Charles Dickens >> Oliver Twist (page 47)

But struggling with these better feelings was pride,--the vice ofthe lowest and most debased creatures no less than of the highand self-assured. The miserable companion of thieves andruffians, the fallen outcast of low haunts, the associate of thescourings of the jails and hulks, living within the shadow of thegallows itself,--even this degraded being felt too proud tobetray a feeble gleam of the womanly feeling which she thought aweakness, but which alone connected her with that humanity, ofwhich her wasting life had obliterated so many, many traces whena very child.

She raised her eyes sufficiently to observe that the figure whichpresented itself was that of a slight and beautiful girl; then,bending them on the ground, she tossed her head with affectedcarelessness as she said:

'It's a hard matter to get to see you, lady. If I had takenoffence, and gone away, as many would have done, you'd have beensorry for it one day, and not without reason either.'

'I am very sorry if any one has behaved harshly to you,' repliedRose. 'Do not think of that. Tell me why you wished to see me. I am the person you inquired for.'

The kind tone of this answer, the sweet voice, the gentle manner,the absence of any accent of haughtiness or displeasure, took thegirl completely by surprise, and she burst into tears.

'Oh, lady, lady!' she said, clasping her hands passionatelybefore her face, 'if there was more like you, there would befewer like me,--there would--there would!'

'Sit down,' said Rose, earnestly. 'If you are in poverty oraffliction I shall be truly glad to relieve you if I can,--Ishall indeed. Sit down.'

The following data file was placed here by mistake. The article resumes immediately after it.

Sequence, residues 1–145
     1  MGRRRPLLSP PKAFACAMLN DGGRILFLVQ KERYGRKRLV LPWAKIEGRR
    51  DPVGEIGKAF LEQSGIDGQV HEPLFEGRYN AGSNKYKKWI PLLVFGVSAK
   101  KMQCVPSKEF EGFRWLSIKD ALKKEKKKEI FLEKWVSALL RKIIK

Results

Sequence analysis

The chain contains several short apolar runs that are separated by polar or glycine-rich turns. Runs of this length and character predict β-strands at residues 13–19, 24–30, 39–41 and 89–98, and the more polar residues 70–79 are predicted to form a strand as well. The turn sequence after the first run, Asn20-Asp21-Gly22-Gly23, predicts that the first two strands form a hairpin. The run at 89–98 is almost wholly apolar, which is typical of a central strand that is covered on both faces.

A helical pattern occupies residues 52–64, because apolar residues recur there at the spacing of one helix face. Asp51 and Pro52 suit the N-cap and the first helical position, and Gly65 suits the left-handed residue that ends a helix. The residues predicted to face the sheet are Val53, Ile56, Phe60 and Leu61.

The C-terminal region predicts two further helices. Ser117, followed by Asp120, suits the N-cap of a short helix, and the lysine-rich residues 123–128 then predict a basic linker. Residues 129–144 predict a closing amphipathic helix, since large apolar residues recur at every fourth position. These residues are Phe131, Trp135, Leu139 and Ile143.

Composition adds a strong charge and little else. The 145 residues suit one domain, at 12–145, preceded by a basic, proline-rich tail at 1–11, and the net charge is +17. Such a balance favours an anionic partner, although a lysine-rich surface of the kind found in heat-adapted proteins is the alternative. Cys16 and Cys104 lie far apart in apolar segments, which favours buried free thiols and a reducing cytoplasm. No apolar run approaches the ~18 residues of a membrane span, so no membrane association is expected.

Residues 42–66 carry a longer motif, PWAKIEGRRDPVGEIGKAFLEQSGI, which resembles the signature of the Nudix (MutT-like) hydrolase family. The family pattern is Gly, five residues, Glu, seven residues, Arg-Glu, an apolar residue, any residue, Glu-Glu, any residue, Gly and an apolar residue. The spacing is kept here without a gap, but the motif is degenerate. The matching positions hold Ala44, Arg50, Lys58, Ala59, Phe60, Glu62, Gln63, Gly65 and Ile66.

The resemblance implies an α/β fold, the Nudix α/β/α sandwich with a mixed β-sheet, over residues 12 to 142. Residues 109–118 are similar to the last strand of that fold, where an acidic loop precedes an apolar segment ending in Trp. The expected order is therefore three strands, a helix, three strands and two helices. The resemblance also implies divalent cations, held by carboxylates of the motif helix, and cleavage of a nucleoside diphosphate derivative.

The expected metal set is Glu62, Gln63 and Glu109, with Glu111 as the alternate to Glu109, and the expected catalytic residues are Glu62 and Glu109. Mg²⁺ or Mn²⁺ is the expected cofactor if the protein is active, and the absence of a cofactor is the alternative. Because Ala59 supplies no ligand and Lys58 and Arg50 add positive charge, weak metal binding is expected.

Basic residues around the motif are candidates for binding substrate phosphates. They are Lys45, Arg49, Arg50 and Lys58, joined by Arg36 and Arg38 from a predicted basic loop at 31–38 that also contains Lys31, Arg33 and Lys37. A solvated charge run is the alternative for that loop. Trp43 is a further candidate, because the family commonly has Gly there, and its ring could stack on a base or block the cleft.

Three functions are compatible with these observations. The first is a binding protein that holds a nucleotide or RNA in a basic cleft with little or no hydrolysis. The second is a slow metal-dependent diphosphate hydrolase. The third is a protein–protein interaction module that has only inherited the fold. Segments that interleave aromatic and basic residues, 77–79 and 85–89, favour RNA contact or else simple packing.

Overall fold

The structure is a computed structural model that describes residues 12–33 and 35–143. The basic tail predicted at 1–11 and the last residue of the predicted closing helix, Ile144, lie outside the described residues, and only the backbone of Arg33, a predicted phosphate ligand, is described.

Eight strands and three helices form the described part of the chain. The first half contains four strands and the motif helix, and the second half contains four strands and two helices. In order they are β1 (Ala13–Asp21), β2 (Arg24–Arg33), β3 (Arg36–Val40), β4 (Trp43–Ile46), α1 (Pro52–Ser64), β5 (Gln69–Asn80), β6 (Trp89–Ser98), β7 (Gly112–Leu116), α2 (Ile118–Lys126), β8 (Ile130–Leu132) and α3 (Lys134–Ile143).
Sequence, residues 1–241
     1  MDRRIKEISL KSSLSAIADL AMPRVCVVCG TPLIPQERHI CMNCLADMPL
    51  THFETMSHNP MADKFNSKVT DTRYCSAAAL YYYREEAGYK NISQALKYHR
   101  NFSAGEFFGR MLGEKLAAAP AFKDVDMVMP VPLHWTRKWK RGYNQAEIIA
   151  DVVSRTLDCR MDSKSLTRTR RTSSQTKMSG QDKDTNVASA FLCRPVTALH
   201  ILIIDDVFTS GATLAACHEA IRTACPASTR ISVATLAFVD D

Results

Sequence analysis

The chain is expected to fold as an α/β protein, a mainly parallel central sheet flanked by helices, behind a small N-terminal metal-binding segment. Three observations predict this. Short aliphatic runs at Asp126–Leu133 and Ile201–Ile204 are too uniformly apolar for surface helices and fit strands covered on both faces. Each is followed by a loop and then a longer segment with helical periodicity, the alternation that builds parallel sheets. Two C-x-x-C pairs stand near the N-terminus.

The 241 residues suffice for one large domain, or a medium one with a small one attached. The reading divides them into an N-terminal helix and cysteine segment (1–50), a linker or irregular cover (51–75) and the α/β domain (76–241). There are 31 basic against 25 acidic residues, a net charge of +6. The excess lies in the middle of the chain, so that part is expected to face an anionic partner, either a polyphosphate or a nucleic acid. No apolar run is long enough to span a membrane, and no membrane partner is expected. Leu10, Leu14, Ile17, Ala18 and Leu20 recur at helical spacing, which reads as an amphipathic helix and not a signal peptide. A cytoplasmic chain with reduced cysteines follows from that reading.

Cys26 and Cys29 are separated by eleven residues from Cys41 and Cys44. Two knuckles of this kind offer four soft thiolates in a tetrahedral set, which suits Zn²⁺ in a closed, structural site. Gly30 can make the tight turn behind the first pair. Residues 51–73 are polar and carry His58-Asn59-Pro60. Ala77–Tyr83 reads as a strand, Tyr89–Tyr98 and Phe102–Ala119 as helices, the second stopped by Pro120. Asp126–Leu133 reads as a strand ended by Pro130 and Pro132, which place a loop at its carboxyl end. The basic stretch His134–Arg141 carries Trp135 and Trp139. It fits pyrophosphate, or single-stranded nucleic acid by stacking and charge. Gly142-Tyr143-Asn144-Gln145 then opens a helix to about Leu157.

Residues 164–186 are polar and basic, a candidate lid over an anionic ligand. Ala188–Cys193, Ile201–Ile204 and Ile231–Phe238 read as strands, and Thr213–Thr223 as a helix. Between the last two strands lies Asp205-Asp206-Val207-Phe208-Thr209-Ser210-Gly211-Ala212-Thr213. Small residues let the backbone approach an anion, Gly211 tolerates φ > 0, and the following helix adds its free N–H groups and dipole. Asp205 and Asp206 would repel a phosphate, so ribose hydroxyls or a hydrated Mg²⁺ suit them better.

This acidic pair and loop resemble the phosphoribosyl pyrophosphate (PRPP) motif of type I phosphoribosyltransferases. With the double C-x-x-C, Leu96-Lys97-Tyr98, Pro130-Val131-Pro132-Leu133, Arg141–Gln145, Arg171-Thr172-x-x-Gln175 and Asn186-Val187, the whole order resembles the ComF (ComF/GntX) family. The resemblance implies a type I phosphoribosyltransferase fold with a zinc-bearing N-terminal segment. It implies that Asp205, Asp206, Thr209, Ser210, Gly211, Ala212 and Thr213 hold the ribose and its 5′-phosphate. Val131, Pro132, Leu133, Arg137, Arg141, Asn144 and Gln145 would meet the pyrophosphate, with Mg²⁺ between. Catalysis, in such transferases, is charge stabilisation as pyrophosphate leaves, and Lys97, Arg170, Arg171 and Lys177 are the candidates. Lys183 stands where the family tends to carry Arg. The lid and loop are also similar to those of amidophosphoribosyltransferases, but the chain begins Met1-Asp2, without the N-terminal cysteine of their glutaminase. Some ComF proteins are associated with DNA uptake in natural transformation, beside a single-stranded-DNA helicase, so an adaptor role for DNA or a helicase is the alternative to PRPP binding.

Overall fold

'Let me stand, lady,' said the girl, still weeping, 'and do notspeak to me so kindly till you know me better. It is growinglate. Is--is--that door shut?'

'Yes,' said Rose, recoiling a few steps, as if to be nearerassistance in case she should require it. 'Why?'

'Because,' said the girl, 'I am about to put my life and thelives of others in your hands. I am the girl that dragged littleOliver back to old Fagin's on the night he went out from thehouse in Pentonville.'

'You!' said Rose Maylie.

'I, lady!' replied the girl. 'I am the infamous creature youhave heard of, that lives among the thieves, and that never fromthe first moment I can recollect my eyes and senses opening onLondon streets have known any better life, or kinder words thanthey have given me, so help me God! Do not mind shrinking openlyfrom me, lady. I am younger than you would think, to look at me,but I am well used to it. The poorest women fall back, as I makemy way along the crowded pavement.'

'What dreadful things are these!' said Rose, involuntarilyfalling from her strange companion.

'Thank Heaven upon your knees, dear lady,' cried the girl, 'thatyou had friends to care for and keep you in your childhood, andthat you were never in the midst of cold and hunger, and riot anddrunkenness, and--and--something worse than all--as I have beenfrom my cradle. I may use the word, for the alley and the gutterwere mine, as they will be my deathbed.'

'I pity you!' said Rose, in a broken voice. 'It wrings my heartto hear you!'

'Heaven bless you for your goodness!' rejoined the girl. 'If youknew what I am sometimes, you would pity me, indeed. But I havestolen away from those who would surely murder me, if they knew Ihad been here, to tell you what I have overheard. Do you know aman named Monks?'

'No,' said Rose.

'He knows you,' replied the girl; 'and knew you were here, for itwas by hearing him tell the place that I found you out.'

'I never heard the name,' said Rose.

'Then he goes by some other amongst us,' rejoined the girl,'which I more than thought before. Some time ago, and soon afterOliver was put into your house on the night of the robbery,I--suspecting this man--listened to a conversation held betweenhim and Fagin in the dark. I found out, from what I heard, thatMonks--the man I asked you about, you know--'

'Yes,' said Rose, 'I understand.'

'--That Monks,' pursued the girl, 'had seen him accidently withtwo of our boys on the day we first lost him, and had known himdirectly to be the same child that he was watching for, though Icouldn't make out why. A bargain was struck with Fagin, that ifOliver was got back he should have a certain sum; and he was tohave more for making him a thief, which this Monks wanted forsome purpose of his own.

'For what purpose?' asked Rose.